The common wisdom is that learning languages becomes more difficult as one gets older.  Is it true?  Kenji Hakuta has done a lot of research into the topic of older language learners and from what I recall from his books, the picture is not nearly as bleak as one might think.

Before I go back and dig up the books (and some articles I read long ago)  here are a few things I've noticed since I started formally learning Japanese last week with the help of a tutor.

Successful Language Acquisition in the Past Bodes Well for the Future:  Every time I feel overwhelmed I can remind myself that I was successful at learning a first and then a second language.

"But the first one doesn't count!" you say.  I don't agree.  We don't realize how amazing it is that we learn language at all.  We are hardwired to do it and that's true whether you are 5 days or 50 years old.  Furthermore, we never stop learning language - even our first language.  Think about this:  when you were fifteen, you were surely able to use your first language better than when you were five years old, right?  In ten years you improved which means that you kept learning.  Ditto for when you were 20, 30, 40 years old.

So learning a language is a lifetime endeavour and we never stop learning even if we only concentrate on one language, the very first one.

I learned my second language well past the "critical period."  I was in my late teens when I started French and well into my twenties when I started speaking it on a regular basis. But I learned - sometimes slowly, sometimes quickly and I'm still learning.   I realized the other day that I have spent more years as a francophone than the French children I see in elementary, middle and high school have been alive.

So if we all learn a first language, and many of us learn a second language, clearly we can learn, if we wish, a third language.

Where Age Might Matter:  Accent.  I still have an American accent in French and I'm aware that this holds true for Japanese as well.  Though Japanese is a bit easier than French in this respect since the sounds in Japanese more or less map to ones in English.

Also anything that requires brute memorization is hard for me.  I'm learning the hiragana with flash cards and I'm still struggling.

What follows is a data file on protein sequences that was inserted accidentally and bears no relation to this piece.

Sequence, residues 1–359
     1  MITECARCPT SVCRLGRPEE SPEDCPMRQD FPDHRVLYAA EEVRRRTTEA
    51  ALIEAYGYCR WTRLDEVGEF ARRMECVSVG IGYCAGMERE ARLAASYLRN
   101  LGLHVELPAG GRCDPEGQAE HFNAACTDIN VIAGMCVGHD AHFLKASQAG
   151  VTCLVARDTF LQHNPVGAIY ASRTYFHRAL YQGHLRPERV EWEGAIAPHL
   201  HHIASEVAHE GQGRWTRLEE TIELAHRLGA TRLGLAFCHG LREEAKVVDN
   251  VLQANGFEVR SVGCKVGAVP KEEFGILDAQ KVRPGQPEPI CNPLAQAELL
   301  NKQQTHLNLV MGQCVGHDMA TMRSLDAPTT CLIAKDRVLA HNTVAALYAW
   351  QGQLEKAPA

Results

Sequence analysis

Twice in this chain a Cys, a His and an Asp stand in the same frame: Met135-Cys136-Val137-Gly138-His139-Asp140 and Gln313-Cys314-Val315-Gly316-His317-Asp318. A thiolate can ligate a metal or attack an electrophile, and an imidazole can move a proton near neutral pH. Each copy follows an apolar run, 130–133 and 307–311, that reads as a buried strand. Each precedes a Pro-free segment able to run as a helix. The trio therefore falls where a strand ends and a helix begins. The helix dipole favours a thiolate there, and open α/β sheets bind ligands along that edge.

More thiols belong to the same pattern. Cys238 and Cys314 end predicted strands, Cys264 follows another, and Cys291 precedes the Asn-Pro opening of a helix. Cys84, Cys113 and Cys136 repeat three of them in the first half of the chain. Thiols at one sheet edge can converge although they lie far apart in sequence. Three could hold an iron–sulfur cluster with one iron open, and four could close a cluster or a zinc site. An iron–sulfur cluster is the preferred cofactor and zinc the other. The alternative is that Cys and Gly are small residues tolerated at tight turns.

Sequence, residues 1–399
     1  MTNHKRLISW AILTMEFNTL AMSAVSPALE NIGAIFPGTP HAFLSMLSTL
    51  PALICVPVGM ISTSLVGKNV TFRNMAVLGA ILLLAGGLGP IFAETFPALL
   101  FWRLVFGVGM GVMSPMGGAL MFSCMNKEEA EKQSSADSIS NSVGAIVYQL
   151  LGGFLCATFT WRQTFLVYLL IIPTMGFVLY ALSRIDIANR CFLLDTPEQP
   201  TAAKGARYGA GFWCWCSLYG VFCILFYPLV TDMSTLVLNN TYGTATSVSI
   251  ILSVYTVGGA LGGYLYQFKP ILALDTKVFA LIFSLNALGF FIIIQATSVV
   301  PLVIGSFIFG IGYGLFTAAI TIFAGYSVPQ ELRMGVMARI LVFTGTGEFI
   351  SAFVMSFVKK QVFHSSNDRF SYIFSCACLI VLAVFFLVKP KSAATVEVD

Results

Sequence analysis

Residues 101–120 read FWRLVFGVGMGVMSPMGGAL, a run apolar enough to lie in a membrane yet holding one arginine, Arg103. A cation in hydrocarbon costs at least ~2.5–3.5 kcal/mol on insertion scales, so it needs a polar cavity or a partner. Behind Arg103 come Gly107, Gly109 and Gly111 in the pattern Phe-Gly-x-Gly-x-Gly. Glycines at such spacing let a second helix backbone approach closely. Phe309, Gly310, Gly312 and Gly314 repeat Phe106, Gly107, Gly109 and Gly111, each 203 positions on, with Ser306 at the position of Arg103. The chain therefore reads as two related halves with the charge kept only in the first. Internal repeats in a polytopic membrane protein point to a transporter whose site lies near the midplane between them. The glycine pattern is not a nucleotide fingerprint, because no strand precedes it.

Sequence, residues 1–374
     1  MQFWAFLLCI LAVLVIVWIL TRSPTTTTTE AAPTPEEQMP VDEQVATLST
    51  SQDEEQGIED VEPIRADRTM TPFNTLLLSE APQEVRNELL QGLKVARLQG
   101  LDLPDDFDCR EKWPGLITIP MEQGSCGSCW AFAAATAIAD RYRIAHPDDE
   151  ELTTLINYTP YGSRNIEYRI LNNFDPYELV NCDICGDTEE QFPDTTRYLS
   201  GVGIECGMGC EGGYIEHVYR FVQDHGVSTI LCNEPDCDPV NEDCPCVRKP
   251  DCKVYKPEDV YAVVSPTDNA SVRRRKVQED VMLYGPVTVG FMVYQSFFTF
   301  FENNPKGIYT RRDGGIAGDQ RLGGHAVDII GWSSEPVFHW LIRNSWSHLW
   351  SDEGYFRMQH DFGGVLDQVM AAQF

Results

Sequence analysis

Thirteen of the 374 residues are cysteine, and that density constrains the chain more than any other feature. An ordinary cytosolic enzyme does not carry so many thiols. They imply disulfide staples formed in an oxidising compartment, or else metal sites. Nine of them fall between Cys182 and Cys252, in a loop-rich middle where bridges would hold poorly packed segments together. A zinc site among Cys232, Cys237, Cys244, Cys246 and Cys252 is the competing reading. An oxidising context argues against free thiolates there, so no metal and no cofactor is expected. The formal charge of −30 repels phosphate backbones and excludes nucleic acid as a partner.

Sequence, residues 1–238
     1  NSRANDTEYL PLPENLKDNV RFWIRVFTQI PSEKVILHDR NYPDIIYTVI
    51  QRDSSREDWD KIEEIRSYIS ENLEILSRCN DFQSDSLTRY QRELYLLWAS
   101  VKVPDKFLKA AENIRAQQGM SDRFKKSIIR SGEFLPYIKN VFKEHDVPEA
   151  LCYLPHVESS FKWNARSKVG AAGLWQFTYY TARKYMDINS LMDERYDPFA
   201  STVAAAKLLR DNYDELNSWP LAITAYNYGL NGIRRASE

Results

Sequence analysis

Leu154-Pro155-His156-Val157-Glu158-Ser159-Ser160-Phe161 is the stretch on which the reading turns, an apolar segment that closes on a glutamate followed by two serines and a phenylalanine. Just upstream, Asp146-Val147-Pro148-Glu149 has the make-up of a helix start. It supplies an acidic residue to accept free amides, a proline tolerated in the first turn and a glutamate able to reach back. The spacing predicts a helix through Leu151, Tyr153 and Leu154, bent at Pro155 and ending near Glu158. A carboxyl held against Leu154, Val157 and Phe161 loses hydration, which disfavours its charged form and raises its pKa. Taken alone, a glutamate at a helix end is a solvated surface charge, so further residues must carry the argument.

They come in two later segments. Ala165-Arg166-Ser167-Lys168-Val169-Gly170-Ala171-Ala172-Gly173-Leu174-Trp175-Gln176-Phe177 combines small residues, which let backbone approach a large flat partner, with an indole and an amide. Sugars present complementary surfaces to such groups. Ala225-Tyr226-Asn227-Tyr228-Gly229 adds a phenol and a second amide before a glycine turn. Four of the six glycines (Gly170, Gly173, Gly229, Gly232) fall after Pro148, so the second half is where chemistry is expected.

But this is not just true of language, it's been true for many things.  I just don't have the ability to memorize things quickly these days and I find myself always having to write things down on post-its.  This could be age, a lingering effect of the chemo, the medications I'm taking now, stress or a combination of all these things.

Experience, Self-Awareness and Maturity Are Your Allies:  At 50 I have a few things going for me that I didn't have when I was younger.  For one thing, with age comes power.  A two-year old learning a language can't say to mom (or dad), "You know, I could learn a lot faster if you two could stop mumbling and speak a little more slowly."  A young immigrant who just started a new job is not necessarily in a place where he she feels comfortable asking native speakers to slow the conversation down or repeat themselves in a meeting.

At this point in my life I have no qualms about saying (and making it stick): "I don't understand," "One more time, please," and "Could you speak more slowly?"  My self-worth is not contingent on other people's opinion of my language progress.  Also, I don't have a boss or a parent or a school teacher standing over me with a whip forcing me to submit to the tyranny of their expectations.

Experience learning languages has given me some idea about what works for me and so my Japanese tutor and I put together a lesson format that uses those things that feel natural and easy. I learn best in blocks - so we work with whole sentences and scripts and not so much with grammar. Between my self-knowledge and her experience teaching Japanese professionally to foreigners, we are on the same page and are mutually satisfied with our first week of lessons.

Are there any other third (or fourth) language learners out there?  If so, does any of the above resonate with you?